Friday, July 11, 2014





Lego camera brings new definition to photo ‘clicks’


May 21. 2013 11:50PM

By - mguydish@civitasmedia.com - (570) 991-6112






Story Tools
PrintPrint | E-MailEMail | SaveSave | Hear Generate QR Code QR
Send to Kindle


JOHN EIDAM and I share a bond: We are adults who play with Legos.


Eidam, an elementary science teacher, justifies his Legomania by using the click-together bricks to teach his kids. I justify my habit by … um … knowing kids.


In Eidam’s Wyoming Seminary Lower School classes, students learn robotics and mechanics through Lego competitions. They concoct colorful contraptions designed to accomplish specific tasks — program a vehicle to maneuver in a miniature city, say.


In our house I clutter the place with bricks just because I marvel at the ingenuity of Lego Master Builders (a real job) and the kits they invent. Once a year I make a large layout under our Christmas tree (This year: Lord of the Rings).


Eidam’s classroom is fringed with fully-assembled Lego kits, from cop car to space shuttle..


I’ve got an attic room with a mix of loose bricks sorted by size and type, and a growing stack of boxes storing assembled kits from Hogwart’s Castle to the girl-pleasing “Friends” (my hyperactive niece plays quietly for hours during visits).


A corner of my study is cluttered with a Saturn V rocket, a Lunar Excursion Module and a massive Star Wars Imperial Star Destroyer (3,096 pieces, the largest kit ever when released in 2002).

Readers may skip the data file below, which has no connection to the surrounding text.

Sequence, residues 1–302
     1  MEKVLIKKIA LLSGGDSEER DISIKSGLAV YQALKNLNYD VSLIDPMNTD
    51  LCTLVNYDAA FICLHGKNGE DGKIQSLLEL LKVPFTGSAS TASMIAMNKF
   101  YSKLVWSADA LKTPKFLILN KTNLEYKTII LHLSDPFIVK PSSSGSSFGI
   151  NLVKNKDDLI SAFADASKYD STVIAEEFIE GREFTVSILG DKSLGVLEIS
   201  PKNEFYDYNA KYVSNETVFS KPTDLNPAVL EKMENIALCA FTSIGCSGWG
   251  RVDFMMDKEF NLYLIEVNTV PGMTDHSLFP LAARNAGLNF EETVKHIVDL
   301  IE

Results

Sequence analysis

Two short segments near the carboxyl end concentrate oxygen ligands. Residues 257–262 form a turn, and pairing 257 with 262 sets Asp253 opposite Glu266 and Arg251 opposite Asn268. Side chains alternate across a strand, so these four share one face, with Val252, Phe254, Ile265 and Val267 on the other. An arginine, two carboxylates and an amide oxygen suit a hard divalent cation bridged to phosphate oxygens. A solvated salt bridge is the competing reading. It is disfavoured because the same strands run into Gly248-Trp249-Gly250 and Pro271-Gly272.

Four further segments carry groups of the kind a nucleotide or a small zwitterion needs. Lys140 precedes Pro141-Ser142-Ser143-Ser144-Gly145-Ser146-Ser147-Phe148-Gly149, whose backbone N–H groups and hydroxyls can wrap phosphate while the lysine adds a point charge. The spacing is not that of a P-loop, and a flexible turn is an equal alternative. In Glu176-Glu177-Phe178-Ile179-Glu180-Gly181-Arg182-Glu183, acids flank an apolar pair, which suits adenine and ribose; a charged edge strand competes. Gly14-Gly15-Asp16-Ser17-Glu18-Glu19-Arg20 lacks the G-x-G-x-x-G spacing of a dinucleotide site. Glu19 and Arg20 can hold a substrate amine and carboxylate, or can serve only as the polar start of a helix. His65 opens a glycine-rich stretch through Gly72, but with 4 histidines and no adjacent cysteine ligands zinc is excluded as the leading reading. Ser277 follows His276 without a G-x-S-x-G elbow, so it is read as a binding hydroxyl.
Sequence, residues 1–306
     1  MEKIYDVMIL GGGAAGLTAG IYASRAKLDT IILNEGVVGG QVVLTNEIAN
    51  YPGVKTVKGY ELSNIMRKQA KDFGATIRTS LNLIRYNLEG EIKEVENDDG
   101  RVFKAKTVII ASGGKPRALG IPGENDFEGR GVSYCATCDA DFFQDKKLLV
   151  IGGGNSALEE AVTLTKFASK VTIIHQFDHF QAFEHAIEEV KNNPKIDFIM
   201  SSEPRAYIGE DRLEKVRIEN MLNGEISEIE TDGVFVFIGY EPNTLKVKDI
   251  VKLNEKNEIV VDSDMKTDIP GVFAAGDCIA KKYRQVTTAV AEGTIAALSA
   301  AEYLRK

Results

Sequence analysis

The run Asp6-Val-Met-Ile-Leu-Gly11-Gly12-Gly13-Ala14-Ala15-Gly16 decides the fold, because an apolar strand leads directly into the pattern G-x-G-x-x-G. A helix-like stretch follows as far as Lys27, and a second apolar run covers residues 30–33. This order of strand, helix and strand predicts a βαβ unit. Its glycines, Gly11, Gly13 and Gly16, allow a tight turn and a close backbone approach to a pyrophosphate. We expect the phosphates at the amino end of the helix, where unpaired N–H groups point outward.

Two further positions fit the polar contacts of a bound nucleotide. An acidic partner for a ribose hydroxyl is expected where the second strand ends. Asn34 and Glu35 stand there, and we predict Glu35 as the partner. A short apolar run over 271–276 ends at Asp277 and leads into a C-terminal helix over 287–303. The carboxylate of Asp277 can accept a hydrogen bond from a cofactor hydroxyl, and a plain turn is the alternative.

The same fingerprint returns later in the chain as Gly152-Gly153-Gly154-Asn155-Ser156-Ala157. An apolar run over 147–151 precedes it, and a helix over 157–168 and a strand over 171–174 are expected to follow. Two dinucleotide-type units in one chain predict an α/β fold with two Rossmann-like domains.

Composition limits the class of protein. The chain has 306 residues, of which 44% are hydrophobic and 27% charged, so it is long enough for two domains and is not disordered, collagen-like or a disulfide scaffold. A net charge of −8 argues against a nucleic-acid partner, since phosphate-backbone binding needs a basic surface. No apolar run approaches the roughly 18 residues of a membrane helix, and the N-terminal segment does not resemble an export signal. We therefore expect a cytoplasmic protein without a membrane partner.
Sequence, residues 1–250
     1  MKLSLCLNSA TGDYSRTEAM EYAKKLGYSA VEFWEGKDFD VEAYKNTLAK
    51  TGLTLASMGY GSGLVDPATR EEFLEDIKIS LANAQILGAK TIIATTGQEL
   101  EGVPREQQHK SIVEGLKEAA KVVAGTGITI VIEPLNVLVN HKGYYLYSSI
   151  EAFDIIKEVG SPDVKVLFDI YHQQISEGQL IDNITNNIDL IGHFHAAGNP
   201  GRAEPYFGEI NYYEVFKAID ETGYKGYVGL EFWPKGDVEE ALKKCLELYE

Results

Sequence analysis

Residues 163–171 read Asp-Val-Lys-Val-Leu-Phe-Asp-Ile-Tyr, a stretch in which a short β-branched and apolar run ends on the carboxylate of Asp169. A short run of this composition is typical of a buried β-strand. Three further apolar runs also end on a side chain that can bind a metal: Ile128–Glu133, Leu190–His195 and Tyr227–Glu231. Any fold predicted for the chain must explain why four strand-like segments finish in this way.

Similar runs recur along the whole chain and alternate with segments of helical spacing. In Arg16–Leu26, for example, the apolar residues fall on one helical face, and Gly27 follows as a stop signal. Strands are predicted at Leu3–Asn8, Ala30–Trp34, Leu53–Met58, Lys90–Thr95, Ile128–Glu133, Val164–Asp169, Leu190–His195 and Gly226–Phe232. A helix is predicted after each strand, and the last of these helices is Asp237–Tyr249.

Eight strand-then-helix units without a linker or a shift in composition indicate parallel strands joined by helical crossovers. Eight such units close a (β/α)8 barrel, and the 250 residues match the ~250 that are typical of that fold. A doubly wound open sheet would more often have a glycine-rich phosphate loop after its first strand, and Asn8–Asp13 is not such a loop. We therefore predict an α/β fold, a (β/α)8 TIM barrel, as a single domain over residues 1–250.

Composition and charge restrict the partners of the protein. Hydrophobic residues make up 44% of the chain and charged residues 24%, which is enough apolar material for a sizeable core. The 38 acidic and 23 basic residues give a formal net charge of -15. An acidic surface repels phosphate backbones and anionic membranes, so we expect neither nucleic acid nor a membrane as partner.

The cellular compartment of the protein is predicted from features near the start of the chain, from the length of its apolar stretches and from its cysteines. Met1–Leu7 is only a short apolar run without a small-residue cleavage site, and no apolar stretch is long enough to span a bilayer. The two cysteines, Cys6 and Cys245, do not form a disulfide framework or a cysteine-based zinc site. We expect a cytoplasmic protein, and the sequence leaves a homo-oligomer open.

Yes, I get a little jealous when I see how the always amiable Eidam has parlayed his job and hobby into one amalgam. It must be nice to be able to say “Why, I don’t play with Legos, I teach with Legos.”


Fine. I admit it. I just play with Legos.


But in a recent, work-related visit I managed to trump Eidam. As his students giggled, puzzled and gloated while designing rubber band cars, I pulled out the fully functional digital Lego Camera (Sales line: “Looks like a toy, shoots like a camera,” though frankly, it shoots like a toy).


They flocked around, insisting I take their pictures. Learning and competition came to a halt. You would have thought I pulled Brad Pitt out of my pocket.


I noted that, with three megapixels and a tiny, cheap lens, it wasn’t likely to produce good pics. Nodding to photographer Clark Van Orden, I said: “He has the better camera.”


Clark didn’t miss a beat.


“Not in this room.”


Contact Mark Guydish at 829-7161.


 


Comments
comments powered by Disqus Commenting Guidelines
Poll
Mortgage Minute


Search for New & Used Cars

Make 
Model
 
Used New All
 

Search Times Leader Classifieds to find just the home you want!

Search Times Leader Classifieds to find just what you need!

Search Pet Classifieds
Dogs Cats Other Animals



Social Media/RSS
Times Leader on Twitter
Times Leader on Youtube
Times Leader on Google+
The Times Leader on Tumblr
The Times Leader on Pinterest
Times Leader RSS Feeds